UK's ex-Health Secretary wants suicide law change
By Michael Holden
LONDON (Reuters Life!) - Former British Health Secretary Patricia Hewitt called on Friday for a change in the law to allow people to take terminally ill patients abroad for assisted suicide without fear of prosecution.
Hewitt has tabled an amendment to the Coroners and Justice Bill, backed by more than 100 MPs from different parties, to bring the law into line with what she said was the current practice of prosecutors not to take action.
The law says assisting suicide is a crime that carries a maximum sentence of 14 years in prison.
However, since 1992, almost 100 British citizens have ended their lives at the Dignitas facility in Switzerland -- where assisted suicide is legal -- without their relatives being prosecuted.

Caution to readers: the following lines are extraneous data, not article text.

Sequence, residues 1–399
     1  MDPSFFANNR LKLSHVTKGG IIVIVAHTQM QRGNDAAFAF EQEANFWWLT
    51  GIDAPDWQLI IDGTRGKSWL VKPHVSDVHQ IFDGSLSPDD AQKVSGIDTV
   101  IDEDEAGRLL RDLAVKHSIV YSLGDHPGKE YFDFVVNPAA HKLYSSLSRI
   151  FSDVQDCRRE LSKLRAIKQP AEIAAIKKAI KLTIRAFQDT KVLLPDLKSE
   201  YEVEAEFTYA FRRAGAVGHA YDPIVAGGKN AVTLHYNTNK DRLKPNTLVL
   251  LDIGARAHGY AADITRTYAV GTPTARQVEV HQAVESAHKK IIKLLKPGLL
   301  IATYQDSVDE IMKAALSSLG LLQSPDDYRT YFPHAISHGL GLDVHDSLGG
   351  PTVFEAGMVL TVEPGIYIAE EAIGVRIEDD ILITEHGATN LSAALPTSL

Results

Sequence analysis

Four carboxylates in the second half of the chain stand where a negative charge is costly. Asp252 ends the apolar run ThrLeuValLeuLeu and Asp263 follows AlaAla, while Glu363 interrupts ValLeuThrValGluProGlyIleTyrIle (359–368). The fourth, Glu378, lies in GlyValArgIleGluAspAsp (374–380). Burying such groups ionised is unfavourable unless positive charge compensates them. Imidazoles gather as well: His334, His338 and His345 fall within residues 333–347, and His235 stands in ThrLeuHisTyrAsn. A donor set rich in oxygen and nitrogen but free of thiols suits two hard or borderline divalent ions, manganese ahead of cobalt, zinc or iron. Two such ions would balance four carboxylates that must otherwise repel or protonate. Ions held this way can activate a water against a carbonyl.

Last month Debbie Purdy, who suffers from multiple sclerosis, lost a legal bid to force the government to clarify the law on assisted suicide to protect her husband from any future action.
She wanted assurances from the Director of Public Prosecutions that her husband would not be prosecuted if he helped her to go to a euthanasia facility abroad.
"In the long term we need a bill to change the law to allow terminally ill, mentally competent adults suffering at the end of their lives the choice of an assisted death, within safeguards, in this country," Hewitt said.
"In the meantime, I hope that the amendment I have tabled will prompt the long overdue parliamentary debate necessary to bring the law on assisted suicide in line with the practice of the Director of Public Prosecutions and the courts." Continued...